CANDELA DISTRIBUTION — A curve, often on polar coordinates, illustrating the variation of luminous intensity of a lamp or luminaire in a plane through the light center.

CANDLEPOWER — A measure of luminous intensity of a light source in a specific direction, measured in candelas (see above).

CRI — Color Rendering Index, sometimes CIE. The ability of a light source to accurately render an object’s color in comparison with a natural light source. Measured on a scale of 1 -100 with 100 being the ideal (or no color shift). A low CRI rating suggests that the colors of objects will appear unnatural under that particular light source.

COEFFICIENT OF UTILIZATION — The ratio of lumens from a luminaire received on the work plane to the lumens produced by the lamps alone. (Also called “CU”).

COLOR TEMPERATURE — See Kelvin Temperature.

DAYLIGHT SENSOR — A device which senses the amount of daylight in a room and controls the luminaire accordingly.

DIRECT — A direct source of light which is cast downwards from a fixture to provide lighting with uniform levels of illumination. Open, louvered, and lensed fixtures can all be “direct”. Also see Indirect and Direct/Indirect.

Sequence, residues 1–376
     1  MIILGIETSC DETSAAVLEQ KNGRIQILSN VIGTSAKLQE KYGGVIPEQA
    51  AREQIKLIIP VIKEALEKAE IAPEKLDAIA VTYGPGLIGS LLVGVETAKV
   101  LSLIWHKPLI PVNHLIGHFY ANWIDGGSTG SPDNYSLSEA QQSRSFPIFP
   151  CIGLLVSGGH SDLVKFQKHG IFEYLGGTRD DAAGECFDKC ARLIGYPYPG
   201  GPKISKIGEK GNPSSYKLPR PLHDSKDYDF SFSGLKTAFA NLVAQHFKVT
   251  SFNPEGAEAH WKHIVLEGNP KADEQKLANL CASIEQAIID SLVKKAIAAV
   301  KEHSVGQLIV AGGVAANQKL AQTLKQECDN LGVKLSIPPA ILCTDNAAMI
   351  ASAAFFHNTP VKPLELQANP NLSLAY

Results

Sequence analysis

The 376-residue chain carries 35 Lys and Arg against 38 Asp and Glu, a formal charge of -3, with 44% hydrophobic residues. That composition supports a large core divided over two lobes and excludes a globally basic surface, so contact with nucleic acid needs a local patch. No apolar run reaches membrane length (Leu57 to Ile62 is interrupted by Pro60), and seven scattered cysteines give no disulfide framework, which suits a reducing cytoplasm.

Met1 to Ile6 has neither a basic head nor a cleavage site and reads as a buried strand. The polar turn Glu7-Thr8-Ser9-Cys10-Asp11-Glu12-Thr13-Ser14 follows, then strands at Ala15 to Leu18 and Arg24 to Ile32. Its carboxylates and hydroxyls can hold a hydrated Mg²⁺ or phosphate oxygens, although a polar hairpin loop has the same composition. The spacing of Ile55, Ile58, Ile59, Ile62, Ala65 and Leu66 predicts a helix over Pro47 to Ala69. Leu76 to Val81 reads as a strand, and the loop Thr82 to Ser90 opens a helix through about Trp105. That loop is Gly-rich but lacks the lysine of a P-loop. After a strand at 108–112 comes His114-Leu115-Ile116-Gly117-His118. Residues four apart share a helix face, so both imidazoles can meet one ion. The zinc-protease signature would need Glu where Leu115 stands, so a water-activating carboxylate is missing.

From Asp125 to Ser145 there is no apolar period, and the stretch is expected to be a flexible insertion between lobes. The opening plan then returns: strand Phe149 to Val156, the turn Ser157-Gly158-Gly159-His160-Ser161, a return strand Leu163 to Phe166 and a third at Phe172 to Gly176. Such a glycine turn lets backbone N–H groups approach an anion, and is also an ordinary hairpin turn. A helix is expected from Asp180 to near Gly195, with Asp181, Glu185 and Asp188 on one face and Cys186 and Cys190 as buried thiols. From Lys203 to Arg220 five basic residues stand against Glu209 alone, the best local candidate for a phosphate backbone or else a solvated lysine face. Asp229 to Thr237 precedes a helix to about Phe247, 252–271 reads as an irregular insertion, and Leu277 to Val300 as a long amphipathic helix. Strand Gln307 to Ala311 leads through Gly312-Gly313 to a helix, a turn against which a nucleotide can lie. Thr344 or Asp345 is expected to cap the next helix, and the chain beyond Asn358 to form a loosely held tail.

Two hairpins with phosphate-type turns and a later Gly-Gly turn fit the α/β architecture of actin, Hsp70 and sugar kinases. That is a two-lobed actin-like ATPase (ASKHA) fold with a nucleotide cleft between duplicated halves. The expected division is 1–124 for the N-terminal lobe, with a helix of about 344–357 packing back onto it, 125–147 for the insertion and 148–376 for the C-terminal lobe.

DIFFUSE — Term describing dispersed light distribution. Refers to the scattering or softening of light.

DIFFUSER — A translucent piece of glass or plastic sheet that shields the light source in a fixture. The light transmitted throughout the diffuser will be redirected and scattered.

DOWNLIGHTING — Light which is cast downward from a fixture. The most common and direct form of lighting.

EFFICACY – A measure expressed in lumens per watt representing the efficiency of a lamp/ballast system or luminaire.

ESCO — Energy Service Company. A company dedicated to helping commercial and industrial clients reduce their energy consumption.

FC – Foot-Candle. A unit of measure for the density of light as it reaches a surface. One foot-candle is equal to 1 lumen per square foot.